“An R3 (Strong radio blackout) event took place due to an X1 flare at 1535 UTC (11:35 am EDT) on 28 October from Region 2887”, the US Space Weather Prediction Center (SWPC) wrote in a statement.
“The impulsive flare appeared to have coronal mass ejection (CME) related signatures, however, analysis is ongoing and we are also awaiting updated coronagraph imagery at this time.”
When it hits our planet, it interacts with the Earth’s magnetic field to produce currents on the crust.
‘X-class’ signifies the most intense flares, with the number relating to its strength. An X2 is twice as intense as an X1, and an X3 flare is three times as intense. Flares that are X10 or stronger are considered unusually intense.
The flare is directly heading to the Earth and could cause a G3-class geomagnetic storm on 30 October. “Such storms can spark naked-eye auroras as far south as Illinois and Oregon (typically 50 degree geomagnetic latitude) and photographic auroras at even lower latitudes. Lesser G1 and G2-class storms could persist through Halloween as Earth passes through the CME’s wake”, Spaceweather reports.
A G3-class storm could cause false alarms in power systems and may increase drag on low-Earth orbit satellites. The smaller storms may influence high-latitude power systems, or cause weak fluctuations, but will have minor impacts on humans. A G2-rated solar storm hit the Earth earlier this month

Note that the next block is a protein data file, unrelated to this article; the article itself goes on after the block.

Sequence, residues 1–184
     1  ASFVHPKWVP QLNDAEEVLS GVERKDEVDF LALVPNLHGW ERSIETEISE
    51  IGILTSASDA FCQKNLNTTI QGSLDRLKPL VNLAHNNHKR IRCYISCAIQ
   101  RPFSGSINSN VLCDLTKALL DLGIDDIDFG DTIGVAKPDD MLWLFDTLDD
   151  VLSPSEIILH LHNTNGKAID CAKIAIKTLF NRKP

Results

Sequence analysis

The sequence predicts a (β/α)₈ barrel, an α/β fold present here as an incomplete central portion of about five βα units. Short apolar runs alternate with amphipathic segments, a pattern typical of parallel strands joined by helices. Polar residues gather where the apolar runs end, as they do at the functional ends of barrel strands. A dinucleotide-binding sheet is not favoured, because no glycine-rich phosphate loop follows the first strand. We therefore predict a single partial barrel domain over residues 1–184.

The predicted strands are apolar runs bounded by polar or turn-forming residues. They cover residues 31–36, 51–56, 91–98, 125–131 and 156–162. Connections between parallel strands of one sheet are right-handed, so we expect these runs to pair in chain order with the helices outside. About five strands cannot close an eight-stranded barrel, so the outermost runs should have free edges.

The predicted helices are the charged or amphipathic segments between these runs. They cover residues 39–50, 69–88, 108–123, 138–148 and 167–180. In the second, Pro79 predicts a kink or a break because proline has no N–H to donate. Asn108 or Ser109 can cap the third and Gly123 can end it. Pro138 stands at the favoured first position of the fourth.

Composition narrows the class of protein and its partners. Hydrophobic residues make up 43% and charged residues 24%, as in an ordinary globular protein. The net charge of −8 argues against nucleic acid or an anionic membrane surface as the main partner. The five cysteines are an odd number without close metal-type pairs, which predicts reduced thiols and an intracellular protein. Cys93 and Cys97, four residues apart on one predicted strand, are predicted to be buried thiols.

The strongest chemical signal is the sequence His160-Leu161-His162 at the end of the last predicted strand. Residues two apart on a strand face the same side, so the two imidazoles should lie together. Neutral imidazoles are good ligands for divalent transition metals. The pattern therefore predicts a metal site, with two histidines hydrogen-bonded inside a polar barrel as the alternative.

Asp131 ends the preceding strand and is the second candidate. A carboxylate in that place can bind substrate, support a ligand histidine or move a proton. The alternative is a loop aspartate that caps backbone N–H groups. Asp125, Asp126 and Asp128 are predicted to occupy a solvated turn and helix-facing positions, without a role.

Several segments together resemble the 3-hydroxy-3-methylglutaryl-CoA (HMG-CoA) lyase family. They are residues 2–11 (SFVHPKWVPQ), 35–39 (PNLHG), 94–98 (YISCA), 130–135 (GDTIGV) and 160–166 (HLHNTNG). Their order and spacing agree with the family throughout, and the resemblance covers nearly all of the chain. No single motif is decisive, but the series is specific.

It is likely that this flare will be manageable, but a severe solar storm (which occurs approximately every century) could cause an “internet apocalypse”.
In that event, power lines could be damaged, and experts say we have no idea how resilient the current infrastructure of the internet is to large solar activity.
“Since CMEs often originate in magnetically active regions near sunspots, a larger number of sunspots will increase the probability of a powerful CME. If this estimate proves accurate, it will also significantly increase the probability of a large-scale event in this decade,” Sangeetha Abdu Jyothi from the University of California, Irvine and VMware Research says.